Researchers at DMU make breakthrough in charge-as-you-drive electric vehicles

Researchers at De Montfort University Leicester (DMU) may have solved a major issue which made charge-as-you-drive electric vehicles vulnerable to hackers.

Studies have shown that one of the major issues that put people off buying electric vehicles is the fear that they cannot drive far without having to be re-charged, as well as a lack of charging points.

Dynamic wireless charging is a new way of powering electric vehicles that lets them charge up on the move, extending travel time and getting rid of large cumbersome batteries. It is being trialled by the likes of BMW and Tesla.

The team propose using city buses to act as mobile charging hubs, using the energy from a focused magnetic field combined with stationary charging posts to power electric vehicles. It would also save money by removing the need for expensive new roads fitted with charging pads and infrastructure.

In order to keep charging, an electric vehicle must transmit data regularly on its location and energy to the wireless network – and this makes it vulnerable to cyber criminals, particularly spoofing attacks, which can spread malware or launch denial-of-service attacks which shut down networks.

Dr Maglaras added: “Dynamic wireless charging is a technology with great potential that it combines high-tech communication between vehicles and state-of-the-art technologies for energy transfer, enabling vehicles to extend their travel time without the need for large batteries or extremely costly infrastructure.

Now the team at DMU, working with colleagues at the University of Surrey and the University of Thessaly, Greece, have come up with a way to block attacks using algorithm based on machine learning, potentially making it safer to use.

Their intrusion detection system (IDS) spots when fake location data is being received. Computer modelling of their system has shown a statistically significant improvement in detecting threats and they plan to test it on electric vehicles soon.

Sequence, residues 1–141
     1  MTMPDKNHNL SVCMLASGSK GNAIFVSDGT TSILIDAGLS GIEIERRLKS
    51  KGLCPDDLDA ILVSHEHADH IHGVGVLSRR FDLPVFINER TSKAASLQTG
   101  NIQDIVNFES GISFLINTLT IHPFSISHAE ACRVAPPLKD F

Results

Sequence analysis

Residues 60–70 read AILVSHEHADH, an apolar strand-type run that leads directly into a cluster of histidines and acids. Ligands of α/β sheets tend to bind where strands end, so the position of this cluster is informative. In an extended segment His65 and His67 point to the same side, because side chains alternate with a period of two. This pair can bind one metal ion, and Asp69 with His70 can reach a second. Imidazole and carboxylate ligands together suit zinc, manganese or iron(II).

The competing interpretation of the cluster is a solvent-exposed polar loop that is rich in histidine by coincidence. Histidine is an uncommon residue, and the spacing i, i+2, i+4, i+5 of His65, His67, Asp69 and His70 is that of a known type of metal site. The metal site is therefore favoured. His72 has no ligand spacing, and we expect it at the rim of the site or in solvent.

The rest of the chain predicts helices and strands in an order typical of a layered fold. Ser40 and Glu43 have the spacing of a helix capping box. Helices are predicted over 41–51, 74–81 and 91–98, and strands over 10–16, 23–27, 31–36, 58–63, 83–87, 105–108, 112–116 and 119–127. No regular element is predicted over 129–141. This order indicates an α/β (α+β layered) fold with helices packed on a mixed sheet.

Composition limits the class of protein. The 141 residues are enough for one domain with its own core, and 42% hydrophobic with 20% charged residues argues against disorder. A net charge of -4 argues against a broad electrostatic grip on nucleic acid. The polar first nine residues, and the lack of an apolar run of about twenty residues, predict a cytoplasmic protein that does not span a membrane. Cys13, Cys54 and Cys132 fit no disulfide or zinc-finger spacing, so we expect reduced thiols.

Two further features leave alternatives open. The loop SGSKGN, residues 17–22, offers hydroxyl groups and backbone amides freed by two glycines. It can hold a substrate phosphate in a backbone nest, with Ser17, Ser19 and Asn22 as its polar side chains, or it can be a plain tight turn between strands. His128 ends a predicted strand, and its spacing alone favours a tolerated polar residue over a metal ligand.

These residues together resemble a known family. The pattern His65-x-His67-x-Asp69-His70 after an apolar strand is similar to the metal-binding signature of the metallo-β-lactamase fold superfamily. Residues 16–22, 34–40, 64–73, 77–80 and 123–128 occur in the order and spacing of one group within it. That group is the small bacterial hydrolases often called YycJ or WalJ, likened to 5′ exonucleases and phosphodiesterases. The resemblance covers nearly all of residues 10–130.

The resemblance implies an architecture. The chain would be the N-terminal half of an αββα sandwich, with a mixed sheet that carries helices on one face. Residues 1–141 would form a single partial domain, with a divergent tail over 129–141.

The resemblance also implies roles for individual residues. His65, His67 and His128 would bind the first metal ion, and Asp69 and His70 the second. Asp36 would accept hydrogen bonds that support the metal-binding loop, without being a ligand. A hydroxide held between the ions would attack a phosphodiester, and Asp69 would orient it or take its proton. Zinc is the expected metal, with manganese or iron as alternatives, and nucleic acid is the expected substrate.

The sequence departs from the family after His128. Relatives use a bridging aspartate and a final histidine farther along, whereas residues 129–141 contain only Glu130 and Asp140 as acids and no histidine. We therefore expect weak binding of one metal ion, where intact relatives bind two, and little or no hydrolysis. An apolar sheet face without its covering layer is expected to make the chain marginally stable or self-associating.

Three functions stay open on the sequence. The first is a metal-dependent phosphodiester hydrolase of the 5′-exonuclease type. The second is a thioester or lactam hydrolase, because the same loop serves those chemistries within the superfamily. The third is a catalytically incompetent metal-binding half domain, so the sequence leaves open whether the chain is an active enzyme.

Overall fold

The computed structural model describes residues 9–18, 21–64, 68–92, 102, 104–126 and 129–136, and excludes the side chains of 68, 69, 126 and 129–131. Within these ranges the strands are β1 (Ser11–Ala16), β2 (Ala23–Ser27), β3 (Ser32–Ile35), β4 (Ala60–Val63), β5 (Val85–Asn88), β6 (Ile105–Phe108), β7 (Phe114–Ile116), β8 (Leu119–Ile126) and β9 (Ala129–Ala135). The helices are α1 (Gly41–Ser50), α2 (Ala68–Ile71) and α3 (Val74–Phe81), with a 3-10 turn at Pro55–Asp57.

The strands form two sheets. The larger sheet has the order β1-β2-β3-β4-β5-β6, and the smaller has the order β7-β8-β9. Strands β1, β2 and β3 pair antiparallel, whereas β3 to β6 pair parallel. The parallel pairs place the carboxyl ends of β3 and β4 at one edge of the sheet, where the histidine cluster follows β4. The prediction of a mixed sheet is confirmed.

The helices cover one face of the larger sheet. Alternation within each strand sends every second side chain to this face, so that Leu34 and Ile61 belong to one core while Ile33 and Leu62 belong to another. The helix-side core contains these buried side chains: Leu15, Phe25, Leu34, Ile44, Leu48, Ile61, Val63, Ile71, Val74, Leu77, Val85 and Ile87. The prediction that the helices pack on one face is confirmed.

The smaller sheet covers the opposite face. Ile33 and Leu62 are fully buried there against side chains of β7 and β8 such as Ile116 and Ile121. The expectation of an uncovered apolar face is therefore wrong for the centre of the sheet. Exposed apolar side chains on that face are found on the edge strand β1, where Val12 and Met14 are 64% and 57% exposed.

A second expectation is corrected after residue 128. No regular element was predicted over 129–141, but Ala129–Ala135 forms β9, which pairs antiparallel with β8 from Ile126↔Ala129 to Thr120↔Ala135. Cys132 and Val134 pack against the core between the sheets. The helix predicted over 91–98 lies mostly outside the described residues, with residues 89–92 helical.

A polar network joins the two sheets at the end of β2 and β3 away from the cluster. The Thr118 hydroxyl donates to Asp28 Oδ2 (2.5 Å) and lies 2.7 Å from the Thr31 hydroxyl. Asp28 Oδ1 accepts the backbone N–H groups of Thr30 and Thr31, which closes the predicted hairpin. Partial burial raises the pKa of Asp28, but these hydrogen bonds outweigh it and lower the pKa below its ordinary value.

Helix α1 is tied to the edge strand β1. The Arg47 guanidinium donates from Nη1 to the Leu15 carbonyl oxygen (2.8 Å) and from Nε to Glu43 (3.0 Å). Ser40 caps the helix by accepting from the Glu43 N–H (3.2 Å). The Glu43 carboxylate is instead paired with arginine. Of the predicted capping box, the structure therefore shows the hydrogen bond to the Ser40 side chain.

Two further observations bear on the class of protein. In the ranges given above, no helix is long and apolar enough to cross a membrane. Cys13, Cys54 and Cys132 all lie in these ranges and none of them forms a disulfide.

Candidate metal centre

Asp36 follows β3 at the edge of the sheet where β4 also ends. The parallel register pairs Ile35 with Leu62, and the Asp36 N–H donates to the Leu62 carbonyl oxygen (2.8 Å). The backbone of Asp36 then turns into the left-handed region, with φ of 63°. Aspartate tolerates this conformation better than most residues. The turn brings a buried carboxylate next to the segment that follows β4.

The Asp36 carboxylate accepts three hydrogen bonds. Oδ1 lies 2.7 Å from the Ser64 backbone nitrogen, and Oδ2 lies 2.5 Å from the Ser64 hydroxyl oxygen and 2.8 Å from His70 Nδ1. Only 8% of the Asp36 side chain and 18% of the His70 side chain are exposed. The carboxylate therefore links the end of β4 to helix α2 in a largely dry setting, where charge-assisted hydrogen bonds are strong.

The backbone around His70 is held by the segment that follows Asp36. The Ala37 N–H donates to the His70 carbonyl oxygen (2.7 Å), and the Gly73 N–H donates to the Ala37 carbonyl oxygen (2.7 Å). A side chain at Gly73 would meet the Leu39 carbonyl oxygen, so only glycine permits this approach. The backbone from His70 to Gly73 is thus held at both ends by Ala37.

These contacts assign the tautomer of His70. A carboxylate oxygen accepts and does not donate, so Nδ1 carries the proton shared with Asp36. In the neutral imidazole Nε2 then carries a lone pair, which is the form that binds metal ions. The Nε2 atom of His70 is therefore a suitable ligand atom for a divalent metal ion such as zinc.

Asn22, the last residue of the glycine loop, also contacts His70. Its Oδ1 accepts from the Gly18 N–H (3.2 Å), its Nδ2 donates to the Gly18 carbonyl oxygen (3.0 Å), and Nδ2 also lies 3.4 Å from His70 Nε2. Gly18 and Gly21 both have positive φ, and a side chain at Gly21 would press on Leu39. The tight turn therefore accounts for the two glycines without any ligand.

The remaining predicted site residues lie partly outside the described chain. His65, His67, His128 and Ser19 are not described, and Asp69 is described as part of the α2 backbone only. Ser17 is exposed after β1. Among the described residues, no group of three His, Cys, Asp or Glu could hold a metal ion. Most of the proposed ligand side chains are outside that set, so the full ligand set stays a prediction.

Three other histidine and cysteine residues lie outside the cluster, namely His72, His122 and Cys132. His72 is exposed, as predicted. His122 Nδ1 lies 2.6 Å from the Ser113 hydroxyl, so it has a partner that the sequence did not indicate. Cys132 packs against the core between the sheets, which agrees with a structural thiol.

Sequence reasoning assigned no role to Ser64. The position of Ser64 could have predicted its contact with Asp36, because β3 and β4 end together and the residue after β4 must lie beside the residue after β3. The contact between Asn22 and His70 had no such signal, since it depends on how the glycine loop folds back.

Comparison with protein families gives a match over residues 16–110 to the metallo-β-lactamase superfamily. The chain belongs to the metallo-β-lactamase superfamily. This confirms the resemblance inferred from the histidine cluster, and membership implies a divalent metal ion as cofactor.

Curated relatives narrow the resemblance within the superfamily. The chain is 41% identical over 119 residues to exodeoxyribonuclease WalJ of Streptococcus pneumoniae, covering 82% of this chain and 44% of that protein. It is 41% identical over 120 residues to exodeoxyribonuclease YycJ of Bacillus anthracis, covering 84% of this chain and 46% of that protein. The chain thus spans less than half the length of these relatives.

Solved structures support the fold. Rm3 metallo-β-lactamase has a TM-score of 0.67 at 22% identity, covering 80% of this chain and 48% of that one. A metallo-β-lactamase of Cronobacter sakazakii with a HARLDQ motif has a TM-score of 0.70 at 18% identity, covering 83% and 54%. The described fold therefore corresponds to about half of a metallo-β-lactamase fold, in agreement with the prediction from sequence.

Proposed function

Dr Leandros Maglaras said: “A spoofing attack is one of the most dangerous attacks for route optimisation systems. This type of attack allows an attacker to spoof its real geographical position in the information sent within interchanged messages, making it appear that the vehicle is in another position.”

“Transport is a sector that will change significantly over the next few years. For this to materialise, however, we need to make sure that intelligent transportation systems, such as the system proposed in this work, are safe for the public to use at all times.”

The proposed DWC and the IDS are presented in the following publications:

Leandros A. Maglaras, Jianmin Jiang, Athanasios Maglaras, Frangiskos Topalis, “Mobile Energy Disseminators increase electrical vehicles range in a smart city”, Proceedings of the 5th IET Hybrid and Electric Vehicle Conference (HEVC 2014), London, 5-6 November 2014, DOI:10.1049/cp.2014.0947

Dimitrios Kosmanos, Apostolos Pappas, Leandros Maglaras, Sotiris Moschoyiannis, Francisco J. Navarro, Antonios Argyriou and Helge Janicke, “A Novel Intrusion Detection System Against Spoofing Attacks in Connected Electric Vehicles”, Elsevier Array, Vol. 5, March 2020, DOI: 10.1016/j.array.2019.100013

A recent interview about the proposed method appears in Elsevier.